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JAMA Netw Open. 2019 Jun 5;2(6):e194765. doi: 10.1001/jamanetworkopen.2019.4765.

Assessing the Safety of Direct-Acting Antiviral Agents for Hepatitis C.

Author information

Kaiser Permanente Research, Kaiser Permanente, Pasadena, California.
Kaiser Permanente Center for Effectiveness and Safety Research, Kaiser Permanente, Pasadena, California.
Department of Internal Medicine, Transplant Hepatology, Southern California Permanente Medical Group, Los Angeles.
Division of Research, Kaiser Permanente Northern California, Oakland.
Department of Health Outcomes & Biomedical Informatics, University of Florida College of Medicine, Gainesville.
Department of Medicine, University of Florida College of Medicine, Gainesville.



Recent reports based on the US Food and Drug Administration's voluntary Adverse Events Reporting System raised questions about the safety of direct-acting antivirals (DAAs) for treatment of the hepatitis C virus (HCV).


To assess the rates of adverse events in patients with HCV infection exposed to DAAs compared with those not exposed.

Design, Setting, and Participants:

A retrospective cohort study calculated unadjusted adverse event rates for exposed vs unexposed time, using claims and clinical data from 3 health systems between January 1, 2012, and December 31, 2017. Of 82 419 eligible adults, a total of 33 808 who met eligibility criteria (age, 18-88 years; HCV quantitative result or genotype from 2012 or later; continuously enrolled; naive to DAA treatment at baseline) were included. Marginal structural modeling methods were used to adjust time-to-event analyses for characteristics that are associated with both outcomes and probability of treatment.

Interventions or Exposures:

Exposure to DAAs compared with no DAA exposure.

Main Outcomes and Measures:

Death, multiple organ failure, liver cancer, hepatic decompensation, acute-on-chronic liver event, acute myocardial infarction, ischemic or hemorrhagic stroke, arrhythmia, acute kidney failure, nonliver cancer, hepatitis B reactivation, hospitalizations, and emergency department visits.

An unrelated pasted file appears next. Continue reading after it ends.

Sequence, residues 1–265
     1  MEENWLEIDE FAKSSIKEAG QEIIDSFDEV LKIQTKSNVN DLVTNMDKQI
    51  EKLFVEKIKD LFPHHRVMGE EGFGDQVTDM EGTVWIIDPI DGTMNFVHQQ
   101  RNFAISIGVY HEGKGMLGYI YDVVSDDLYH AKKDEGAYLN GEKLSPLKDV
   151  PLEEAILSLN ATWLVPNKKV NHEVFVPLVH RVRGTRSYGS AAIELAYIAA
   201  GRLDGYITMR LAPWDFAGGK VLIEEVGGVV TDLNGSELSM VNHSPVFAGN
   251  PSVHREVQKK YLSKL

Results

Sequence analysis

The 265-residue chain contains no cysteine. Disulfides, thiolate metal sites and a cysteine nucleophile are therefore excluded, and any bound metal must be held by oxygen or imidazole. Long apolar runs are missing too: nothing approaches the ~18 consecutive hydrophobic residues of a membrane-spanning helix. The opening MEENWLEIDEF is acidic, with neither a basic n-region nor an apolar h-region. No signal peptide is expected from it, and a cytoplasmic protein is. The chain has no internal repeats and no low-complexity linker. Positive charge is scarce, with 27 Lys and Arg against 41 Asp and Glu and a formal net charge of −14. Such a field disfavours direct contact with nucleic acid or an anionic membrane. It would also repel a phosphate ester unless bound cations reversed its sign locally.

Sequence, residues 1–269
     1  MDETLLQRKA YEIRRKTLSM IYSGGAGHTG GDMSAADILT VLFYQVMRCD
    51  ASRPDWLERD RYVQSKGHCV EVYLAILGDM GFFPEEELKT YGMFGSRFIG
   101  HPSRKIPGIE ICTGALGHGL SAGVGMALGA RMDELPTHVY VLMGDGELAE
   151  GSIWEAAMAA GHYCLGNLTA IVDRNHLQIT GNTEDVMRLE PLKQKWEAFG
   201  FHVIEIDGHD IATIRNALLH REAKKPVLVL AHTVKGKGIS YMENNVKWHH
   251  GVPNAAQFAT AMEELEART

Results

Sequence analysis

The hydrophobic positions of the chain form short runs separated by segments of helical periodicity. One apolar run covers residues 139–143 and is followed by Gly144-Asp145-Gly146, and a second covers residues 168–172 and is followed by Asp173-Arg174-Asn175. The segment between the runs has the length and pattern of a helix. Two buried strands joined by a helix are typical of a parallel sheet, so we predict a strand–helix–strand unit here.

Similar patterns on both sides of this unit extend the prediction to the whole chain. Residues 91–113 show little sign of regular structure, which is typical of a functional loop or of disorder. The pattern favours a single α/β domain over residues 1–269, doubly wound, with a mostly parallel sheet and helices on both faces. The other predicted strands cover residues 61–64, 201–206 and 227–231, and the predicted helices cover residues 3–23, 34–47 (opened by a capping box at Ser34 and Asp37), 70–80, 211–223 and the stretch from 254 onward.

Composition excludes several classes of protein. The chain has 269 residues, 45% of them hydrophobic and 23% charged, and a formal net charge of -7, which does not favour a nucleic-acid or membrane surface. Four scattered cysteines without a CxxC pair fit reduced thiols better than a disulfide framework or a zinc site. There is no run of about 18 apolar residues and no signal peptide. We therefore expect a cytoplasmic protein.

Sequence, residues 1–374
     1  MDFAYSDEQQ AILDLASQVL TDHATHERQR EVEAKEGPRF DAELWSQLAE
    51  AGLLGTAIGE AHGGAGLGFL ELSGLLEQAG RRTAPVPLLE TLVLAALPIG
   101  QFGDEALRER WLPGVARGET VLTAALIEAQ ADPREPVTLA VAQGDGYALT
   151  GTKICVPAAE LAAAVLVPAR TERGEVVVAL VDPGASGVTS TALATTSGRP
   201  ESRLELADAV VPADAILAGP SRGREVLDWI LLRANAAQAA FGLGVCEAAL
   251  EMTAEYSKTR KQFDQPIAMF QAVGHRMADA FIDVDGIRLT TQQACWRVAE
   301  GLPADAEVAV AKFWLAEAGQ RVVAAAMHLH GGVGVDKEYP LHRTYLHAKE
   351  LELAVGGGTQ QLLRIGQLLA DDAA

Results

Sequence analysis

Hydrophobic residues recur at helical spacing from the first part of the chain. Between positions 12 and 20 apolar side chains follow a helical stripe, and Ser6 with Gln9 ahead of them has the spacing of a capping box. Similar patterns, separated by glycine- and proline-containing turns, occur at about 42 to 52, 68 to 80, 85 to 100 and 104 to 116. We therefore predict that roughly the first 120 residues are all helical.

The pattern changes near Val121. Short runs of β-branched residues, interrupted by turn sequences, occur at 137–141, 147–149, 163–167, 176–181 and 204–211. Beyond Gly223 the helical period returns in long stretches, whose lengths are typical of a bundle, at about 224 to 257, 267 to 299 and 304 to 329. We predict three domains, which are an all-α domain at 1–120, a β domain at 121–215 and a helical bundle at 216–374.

Of the 33 808 patients who met all inclusion criteria, 20 899 (61.8%) were men; mean (SD) age was 57.2 (10.6) years. In unadjusted analyses, DAA exposure was associated with significantly lower rates of death (10.7 vs 33.7 events per 1000 person-years; rate ratio [RR], 0.32, 95% CI, 0.25-0.40). Seven other unadjusted adverse clinical events ratios were below 70% and statistically significant favoring the DAA group: multiple organ failure (RR, 0.56; 95% CI, 0.44-0.72), liver cancer (RR, 0.62; 95% CI, 0.48-0.80), hepatic decompensation (RR, 0.62; 95% CI, 0.52-0.73), acute-on-chronic liver event (RR, 0.68; 95% CI, 0.56-0.84), acute myocardial infarction (RR, 0.64; 95% CI, 0.42-0.97), ischemic stroke (RR, 0.63; 95% CI, 0.42-0.95), and hemorrhagic stroke (RR, 0.47; 95% CI, 0.25-0.89); none favored the non-DAA group. In the marginal structural modeling-adjusted analysis, DAA exposure was associated with statistically significant lower odds of adverse events than non-DAA exposure for death (adjusted odds ratio [aOR], 0.42; 95% CI, 0.30-0.59), multiple organ failure (aOR, 0.67; 95% CI, 0.49-0.90), hepatic decompensation (aOR, 0.61; 95% CI, 0.49-0.76), acute-on-chronic liver event (aOR, 0.71; 95% CI, 0.56-0.91), and arrhythmia (aOR, 0.47; 95% CI, 0.25-0.88).

Conclusions and Relevance:

Direct-acting antiviral exposure may not be associated with higher rates of any serious adverse events, including those related to liver, kidney, and cardiovascular systems. Safety concerns based on previous reports did not appear to be supported in this study with more comprehensive data and rigorous statistical methods.

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